I have spent my whole professional career working in what could be called ‘change management’. In recent years the term and it’s practices have been more widely adopted and in some cases has been productised by consultancy providers (ADKAR, KOTTER, Agile). Here is just a few things I have learnt and had reinforced along the way:
- Keep management focused on the operational issues. The business has to keep working and the staff will appreciate it (not lose respect) when management doesn’t disappear.
- The staff are responsible adults and should be treated that way. Tell them what is going on, inform them about the things that will affect them and the decisions they personally need to make and do it face to face. Give them some structured time to do things if necessary e.g. prepare job applications. If you treat people as irresponsible or as children then do not be surprised if they act that way.
- Resistance could be rational. Be prepared to include staff and their suggestions in the planning. Disagreeing and identifying problems does not mean they are resistant to change. They could be telling you something really important.
- ‘Group Think’ easily develops in tight, well functioning, collegiate executive teams – a tendency to think in the same way, reinforcing shared beliefs and decisions while rejecting alternative or dissenting opinions and views. Insularity and myopia are just two possible outcomes. Strategic, tactical and operational errors will follow. Think of the Iraqi war. Even apparently well functioning teams need to seriously consider how they will test strategies and ideas.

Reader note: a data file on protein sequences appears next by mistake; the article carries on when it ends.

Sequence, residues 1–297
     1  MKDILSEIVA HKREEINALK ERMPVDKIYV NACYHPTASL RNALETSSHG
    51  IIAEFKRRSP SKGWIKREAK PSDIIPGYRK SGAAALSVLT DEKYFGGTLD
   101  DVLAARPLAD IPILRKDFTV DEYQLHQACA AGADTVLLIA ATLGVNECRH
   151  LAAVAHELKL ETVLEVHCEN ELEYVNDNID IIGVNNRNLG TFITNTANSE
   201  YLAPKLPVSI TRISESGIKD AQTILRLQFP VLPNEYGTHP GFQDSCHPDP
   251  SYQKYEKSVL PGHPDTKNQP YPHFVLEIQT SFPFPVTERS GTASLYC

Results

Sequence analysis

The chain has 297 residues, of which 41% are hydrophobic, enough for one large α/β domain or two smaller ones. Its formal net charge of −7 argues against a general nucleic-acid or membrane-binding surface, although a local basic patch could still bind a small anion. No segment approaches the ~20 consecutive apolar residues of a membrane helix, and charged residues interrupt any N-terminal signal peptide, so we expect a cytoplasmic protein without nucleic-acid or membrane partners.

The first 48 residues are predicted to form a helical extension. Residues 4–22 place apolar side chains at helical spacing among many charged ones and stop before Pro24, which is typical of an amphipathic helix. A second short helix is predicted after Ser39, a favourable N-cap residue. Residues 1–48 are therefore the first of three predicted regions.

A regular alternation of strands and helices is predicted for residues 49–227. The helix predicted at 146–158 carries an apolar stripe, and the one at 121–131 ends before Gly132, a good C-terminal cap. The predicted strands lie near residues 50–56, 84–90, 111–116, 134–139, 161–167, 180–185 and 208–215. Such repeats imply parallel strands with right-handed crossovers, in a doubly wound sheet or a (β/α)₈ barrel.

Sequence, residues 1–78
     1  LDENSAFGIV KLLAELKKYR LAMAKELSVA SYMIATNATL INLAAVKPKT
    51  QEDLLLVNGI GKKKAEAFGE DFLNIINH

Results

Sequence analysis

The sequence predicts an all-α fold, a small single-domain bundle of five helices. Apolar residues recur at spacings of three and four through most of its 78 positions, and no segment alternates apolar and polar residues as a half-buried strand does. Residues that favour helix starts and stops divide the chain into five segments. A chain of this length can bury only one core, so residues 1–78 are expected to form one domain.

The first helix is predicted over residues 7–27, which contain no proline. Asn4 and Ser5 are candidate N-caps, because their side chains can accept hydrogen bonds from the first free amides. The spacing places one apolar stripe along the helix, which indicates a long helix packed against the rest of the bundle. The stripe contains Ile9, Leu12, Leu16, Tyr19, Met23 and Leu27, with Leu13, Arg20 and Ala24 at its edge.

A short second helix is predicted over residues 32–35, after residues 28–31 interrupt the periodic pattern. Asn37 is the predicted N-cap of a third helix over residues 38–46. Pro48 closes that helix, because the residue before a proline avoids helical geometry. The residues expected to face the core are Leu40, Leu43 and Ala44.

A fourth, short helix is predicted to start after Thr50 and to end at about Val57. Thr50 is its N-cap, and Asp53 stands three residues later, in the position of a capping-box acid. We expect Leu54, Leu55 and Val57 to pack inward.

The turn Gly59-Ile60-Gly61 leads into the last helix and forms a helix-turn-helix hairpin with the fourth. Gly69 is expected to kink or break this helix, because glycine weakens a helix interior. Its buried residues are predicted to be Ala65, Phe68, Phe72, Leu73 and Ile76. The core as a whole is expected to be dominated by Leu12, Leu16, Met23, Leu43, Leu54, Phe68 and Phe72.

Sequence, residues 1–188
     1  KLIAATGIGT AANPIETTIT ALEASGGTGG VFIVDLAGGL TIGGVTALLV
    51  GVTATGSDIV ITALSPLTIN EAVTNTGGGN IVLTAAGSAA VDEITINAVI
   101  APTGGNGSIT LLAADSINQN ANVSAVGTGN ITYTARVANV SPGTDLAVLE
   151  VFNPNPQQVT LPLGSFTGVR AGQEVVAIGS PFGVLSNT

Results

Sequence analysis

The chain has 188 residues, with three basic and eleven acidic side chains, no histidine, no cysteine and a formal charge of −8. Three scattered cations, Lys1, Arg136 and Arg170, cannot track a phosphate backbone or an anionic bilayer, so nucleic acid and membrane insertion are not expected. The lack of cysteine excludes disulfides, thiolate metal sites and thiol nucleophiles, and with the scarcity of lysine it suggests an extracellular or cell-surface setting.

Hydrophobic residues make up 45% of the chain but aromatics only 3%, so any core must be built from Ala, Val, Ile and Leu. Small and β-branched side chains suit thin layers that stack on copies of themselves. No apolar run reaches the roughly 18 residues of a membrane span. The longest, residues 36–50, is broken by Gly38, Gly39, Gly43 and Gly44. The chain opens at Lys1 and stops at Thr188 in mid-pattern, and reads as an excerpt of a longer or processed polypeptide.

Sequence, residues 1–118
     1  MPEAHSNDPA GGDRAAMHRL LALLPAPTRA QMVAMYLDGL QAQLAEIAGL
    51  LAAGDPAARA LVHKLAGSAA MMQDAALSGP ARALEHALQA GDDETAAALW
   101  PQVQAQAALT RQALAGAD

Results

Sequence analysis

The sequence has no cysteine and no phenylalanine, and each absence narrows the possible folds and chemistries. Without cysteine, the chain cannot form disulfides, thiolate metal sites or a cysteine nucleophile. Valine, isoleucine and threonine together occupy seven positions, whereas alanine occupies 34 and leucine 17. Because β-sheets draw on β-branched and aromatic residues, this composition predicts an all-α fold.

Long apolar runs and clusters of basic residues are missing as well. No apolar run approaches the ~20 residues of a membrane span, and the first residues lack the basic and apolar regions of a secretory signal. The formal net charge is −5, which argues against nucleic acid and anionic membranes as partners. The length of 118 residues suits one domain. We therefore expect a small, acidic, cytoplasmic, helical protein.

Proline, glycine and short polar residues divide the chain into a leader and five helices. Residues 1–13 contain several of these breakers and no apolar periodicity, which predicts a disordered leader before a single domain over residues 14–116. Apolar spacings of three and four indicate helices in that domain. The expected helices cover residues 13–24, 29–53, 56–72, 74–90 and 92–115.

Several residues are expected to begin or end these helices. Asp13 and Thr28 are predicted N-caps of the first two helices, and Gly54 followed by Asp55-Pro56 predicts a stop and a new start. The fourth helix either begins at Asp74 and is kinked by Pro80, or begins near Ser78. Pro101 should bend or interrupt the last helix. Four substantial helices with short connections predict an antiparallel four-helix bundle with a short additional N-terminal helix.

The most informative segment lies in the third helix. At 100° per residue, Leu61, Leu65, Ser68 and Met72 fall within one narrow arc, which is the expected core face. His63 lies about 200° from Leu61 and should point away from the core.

- Change is a normal managment activity. Manage as much of the change process as possible through the normal management structure/channels and not through a special project structure (may still be necessary depending on changes). It will be more transparent, help to manage the politics and in all likelihood be less costly.
- Work with your consultant. Don’t allow a ‘consultant’ to become deferred to or inject themselves into management decisions. By all means ask their opinion and listen and then excuse them from the decision making as necessary.
- Training is expensive to do, however it also works. It will speed up change, reduce rework and errors and improves confidence and morale.
- If you are going to let staff go, cut fat not muscle. This will prove harder than you think. Oh! and show some courage. You will know what this means when the time comes.
- Understand the business model and success. If you are managing a merger or takeover then make sure you understand the reasons a business is successful in the first place (as well as it’s challenges) before you mess with it. You can’t do this without getting out into the business. If you don’t then you are guaranteed to destroy value, goodwill and morale.
- All change is political. Who gains and losses power and influence (delegations, budget, access etcetera) will be an important consideration. It is best to treat both the winners and losers with dignity though this is very often handled poorly. It leads to unnecessary staff turnover.
- Leadership is important however it will be a lot more effective if you have considered some of the above.
Originally I included only 11 items in this article however two things happened. I recalled that people like certain numbers more than others, like 10 or a dozen (12) and not lists with 4 or 13. The second was a discussion with my accountant about change. His company’s head office is embarking on some significant changes and within moments we establish they are not doing some of the things I have suggested above. The accountant is not happy and then I mention the next point regarding the leadership avoiding being patronising. He just about falls out of the chair.
12. Don’t pass around books about Mice and their Cheese. I will not mention the title here and if you don’t know what I am talking about, good, as this point could then seem frivolous or silly! If you have come across this book you will know what I mean. Yes, it makes a few good points however it is patronising and there are many among the team who will not appreciate the symbolism. There are other very productive ways of having the appropriate discussions regarding resistance to change and learning. Do not be patronising – refer to points 2 & 3.
Peter O’Reilly ©